By Louise Ramsay
In an ideal world, a brand would distribute products directly to consumers, pocket the cash and move on. But it doesn’t take much nous to work out that, if it was this easy, more people would be doing it – and hence why the whole glorious smorgasbord of the sports trade works the way it does.
Much like any industry, a sports product can come into this world and end up in a customer’s shopping bag via many different routes. It, however, goes without saying that distribution is key to the success of any product. But while many brands may choose to distribute their own products or use a dedicated company to do it, others have discovered the joys of the wholesaler.
Buying in bulk
For those not in the know, sports wholesalers buy in bulk from brands and are in business to provide products to retailers who couldn’t otherwise access them because their minimum order would be too low to go directly to the supplier or brand. This benefits suppliers, or brands, because it means their products are made available for sale across a wider number of retail outlets. It sounds like a win-win arrangement, so why don’t all brands or suppliers buy into it?
David James, sales director at sports wholesaler Reydon, explains: “There’s a perception that suppliers will make less money. We buy and hold stock in bulk, so we receive a much bigger discount than a brand or supplier would provide to a small store.
“But while a brand in the short term may make less on like-for-like sales, in the long run chances are they can make more money overall. It’s about knowing how best to use resources and expertise to grow and develop a brand.”
The theory about how this works is this: a brand may have 500 accounts with 500 different retailers, but only 100 of them are major clients. They make a lot of money from these, but the other 400, while important, don’t generate as much income.
“We can look after those 400,” James says. “It allows brands to build business at the top end without ignoring the bottom end. We act as an extension of their sales force. From a brand’s perspective, it encourages better economies of scale.”
James explains that it might work out well for a brand to do everything themselves, but it might not give them the same potential for growth that working with a wholesaler can provide.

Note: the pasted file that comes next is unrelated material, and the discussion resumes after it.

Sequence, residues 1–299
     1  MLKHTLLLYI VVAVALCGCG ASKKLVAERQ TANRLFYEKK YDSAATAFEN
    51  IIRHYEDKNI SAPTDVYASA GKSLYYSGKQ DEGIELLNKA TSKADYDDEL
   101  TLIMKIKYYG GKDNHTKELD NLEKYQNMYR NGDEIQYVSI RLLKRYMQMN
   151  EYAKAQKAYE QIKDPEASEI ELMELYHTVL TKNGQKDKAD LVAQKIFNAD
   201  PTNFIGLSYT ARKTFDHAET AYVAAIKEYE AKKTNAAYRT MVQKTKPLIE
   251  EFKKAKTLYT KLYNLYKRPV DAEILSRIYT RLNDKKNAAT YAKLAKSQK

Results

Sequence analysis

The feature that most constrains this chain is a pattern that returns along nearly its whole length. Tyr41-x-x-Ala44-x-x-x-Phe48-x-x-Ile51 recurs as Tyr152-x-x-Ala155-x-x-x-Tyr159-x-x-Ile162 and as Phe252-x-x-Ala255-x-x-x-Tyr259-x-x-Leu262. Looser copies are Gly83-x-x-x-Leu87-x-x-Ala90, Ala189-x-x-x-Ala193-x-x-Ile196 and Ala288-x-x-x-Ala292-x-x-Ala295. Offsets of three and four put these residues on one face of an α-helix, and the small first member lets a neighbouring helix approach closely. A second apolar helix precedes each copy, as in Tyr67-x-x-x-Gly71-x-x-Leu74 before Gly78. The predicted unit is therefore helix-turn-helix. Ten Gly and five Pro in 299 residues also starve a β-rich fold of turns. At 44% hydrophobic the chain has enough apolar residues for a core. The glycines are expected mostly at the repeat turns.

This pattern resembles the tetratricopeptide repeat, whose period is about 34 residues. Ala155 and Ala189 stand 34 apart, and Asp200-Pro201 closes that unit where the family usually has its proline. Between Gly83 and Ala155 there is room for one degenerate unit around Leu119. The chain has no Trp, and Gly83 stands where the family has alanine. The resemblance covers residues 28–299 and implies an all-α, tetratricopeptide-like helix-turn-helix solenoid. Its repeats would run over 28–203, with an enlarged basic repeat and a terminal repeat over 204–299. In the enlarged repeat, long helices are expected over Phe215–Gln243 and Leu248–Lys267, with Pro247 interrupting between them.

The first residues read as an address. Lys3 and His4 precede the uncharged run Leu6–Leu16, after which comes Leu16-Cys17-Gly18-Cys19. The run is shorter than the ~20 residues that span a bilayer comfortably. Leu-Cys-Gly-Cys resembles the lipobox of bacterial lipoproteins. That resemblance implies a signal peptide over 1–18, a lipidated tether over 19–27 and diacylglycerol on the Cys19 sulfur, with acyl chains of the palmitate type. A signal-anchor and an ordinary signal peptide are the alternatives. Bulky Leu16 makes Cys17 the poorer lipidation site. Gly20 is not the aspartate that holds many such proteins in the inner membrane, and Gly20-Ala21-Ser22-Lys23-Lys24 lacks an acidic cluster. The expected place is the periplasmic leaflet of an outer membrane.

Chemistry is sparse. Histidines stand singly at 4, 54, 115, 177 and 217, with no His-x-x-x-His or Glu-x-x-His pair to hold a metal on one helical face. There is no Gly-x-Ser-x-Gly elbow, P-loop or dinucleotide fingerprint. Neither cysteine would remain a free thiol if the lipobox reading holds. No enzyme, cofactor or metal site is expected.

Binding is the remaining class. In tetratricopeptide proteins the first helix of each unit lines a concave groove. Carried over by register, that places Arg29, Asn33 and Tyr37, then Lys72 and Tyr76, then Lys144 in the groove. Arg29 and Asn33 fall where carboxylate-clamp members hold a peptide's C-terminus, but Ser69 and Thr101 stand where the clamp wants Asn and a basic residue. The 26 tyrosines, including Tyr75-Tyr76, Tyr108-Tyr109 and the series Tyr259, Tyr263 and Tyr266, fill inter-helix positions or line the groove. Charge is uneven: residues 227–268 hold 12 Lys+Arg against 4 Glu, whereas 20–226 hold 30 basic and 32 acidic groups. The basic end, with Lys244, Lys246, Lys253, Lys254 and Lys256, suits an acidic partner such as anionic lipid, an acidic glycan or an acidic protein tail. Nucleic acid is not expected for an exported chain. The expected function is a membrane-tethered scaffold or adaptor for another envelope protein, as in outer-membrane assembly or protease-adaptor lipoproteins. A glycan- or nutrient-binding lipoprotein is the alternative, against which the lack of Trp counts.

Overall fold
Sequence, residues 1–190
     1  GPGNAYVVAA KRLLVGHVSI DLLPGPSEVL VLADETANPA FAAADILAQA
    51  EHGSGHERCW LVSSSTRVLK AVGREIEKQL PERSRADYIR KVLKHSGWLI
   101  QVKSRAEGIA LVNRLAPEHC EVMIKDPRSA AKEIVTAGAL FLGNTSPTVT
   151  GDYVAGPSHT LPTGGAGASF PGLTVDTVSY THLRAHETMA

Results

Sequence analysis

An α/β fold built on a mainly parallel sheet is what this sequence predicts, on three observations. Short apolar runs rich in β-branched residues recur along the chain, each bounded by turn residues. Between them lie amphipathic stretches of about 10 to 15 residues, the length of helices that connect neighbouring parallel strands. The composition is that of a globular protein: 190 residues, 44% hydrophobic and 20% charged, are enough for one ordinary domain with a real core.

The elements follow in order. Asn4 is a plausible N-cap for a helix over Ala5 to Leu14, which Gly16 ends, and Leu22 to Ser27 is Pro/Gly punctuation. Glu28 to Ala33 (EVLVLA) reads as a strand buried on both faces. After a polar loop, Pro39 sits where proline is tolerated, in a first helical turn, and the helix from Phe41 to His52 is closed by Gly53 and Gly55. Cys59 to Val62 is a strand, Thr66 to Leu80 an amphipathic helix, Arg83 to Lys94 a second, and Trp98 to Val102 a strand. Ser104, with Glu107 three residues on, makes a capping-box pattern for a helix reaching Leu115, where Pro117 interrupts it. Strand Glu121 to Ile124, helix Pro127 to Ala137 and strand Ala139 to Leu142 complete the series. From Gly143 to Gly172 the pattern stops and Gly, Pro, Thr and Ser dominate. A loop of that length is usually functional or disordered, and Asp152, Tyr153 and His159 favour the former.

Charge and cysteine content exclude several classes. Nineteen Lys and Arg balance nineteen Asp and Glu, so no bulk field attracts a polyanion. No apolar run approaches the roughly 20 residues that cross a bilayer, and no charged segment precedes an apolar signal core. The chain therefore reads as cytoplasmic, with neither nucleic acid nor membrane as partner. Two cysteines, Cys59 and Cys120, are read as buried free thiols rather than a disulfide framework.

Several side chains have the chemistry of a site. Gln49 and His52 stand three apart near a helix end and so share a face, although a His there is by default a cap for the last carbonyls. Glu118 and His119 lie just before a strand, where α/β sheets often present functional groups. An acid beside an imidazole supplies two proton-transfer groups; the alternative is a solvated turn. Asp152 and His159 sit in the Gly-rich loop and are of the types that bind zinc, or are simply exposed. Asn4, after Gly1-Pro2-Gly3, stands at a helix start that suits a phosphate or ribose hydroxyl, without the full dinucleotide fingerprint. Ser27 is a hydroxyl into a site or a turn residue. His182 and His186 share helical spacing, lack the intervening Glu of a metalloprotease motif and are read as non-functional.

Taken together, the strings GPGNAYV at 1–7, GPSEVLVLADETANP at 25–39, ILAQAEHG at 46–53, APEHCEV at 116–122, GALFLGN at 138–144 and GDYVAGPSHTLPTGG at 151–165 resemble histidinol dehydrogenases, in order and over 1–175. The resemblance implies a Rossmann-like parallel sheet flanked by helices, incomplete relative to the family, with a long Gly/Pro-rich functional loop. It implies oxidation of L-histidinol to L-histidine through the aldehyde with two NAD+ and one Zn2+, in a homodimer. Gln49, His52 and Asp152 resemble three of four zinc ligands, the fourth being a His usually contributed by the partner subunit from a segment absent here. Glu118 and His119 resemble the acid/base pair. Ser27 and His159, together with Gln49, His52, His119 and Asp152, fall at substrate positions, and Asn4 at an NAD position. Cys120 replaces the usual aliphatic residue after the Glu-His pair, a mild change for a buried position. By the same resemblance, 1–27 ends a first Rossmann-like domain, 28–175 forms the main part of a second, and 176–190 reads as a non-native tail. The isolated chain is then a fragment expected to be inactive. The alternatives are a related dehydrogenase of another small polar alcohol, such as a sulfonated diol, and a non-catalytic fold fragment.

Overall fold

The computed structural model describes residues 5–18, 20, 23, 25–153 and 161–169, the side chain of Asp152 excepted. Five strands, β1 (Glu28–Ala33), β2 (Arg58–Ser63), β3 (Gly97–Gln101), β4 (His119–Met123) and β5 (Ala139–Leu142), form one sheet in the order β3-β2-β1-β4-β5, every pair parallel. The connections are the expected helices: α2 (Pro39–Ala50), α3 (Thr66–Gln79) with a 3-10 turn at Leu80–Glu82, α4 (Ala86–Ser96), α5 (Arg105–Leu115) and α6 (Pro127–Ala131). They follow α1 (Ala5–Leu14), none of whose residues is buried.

“A supplier’s expertise is often in managing and developing key accounts,” he says. “Our expertise is in managing lots of smaller accounts. It’s what we do. But while we work in different ways, we have a common goal – to achieve wider distribution and build the brand.”
100 per cent availability
As a wholesaler, Reydon buys in bulk from a supplier and holds the stock, giving retailers 100 per cent availability on a 24-hour basis. Another benefit is that retailers can make small orders.
Often, retailers can find it difficult to buy small quantities of products, as many brands have minimum spends, which means a retailer has to take a risk on buying significant amounts of stock, which might not sell. Through Reydon, a retailer can order as little as one pair of goggles or one cricket bat, if that’s all they need.
Buying from Reydon doesn’t just benefit retailers by allowing them to trial a product with their customer base, but customers too – and if they like it, that’s clearly good for the brand.
“Smaller account holders can also graduate into bigger accounts,” James says. “We nurture them and accept that we might lose them back to the brand or the distributor if their order level goes over a certain barrier. It’s built into our business strategy. It’s good for the brand, a positive.”
Another benefit for a brand is that working with a wholesaler consolidates all their smaller invoices into one, rather than the hundreds they’d be dealing with if they managed all their own accounts.
“It obviously makes things more complex for us, but that’s what we do, we’re experts in it,” James says. “Though sometimes, of course, our invoices are consolidated through buying groups such as STAG, Intersport and Retail Sports Ireland.”
James accepts that working with a wholesaler might not be for everyone, but given the number of strong relationships Reydon has developed with brands, he knows first-hand how it can result in growth for everyone.
Summing up, James says: “Brands can be assured that this is a great way to reduce complexity and build for the future.”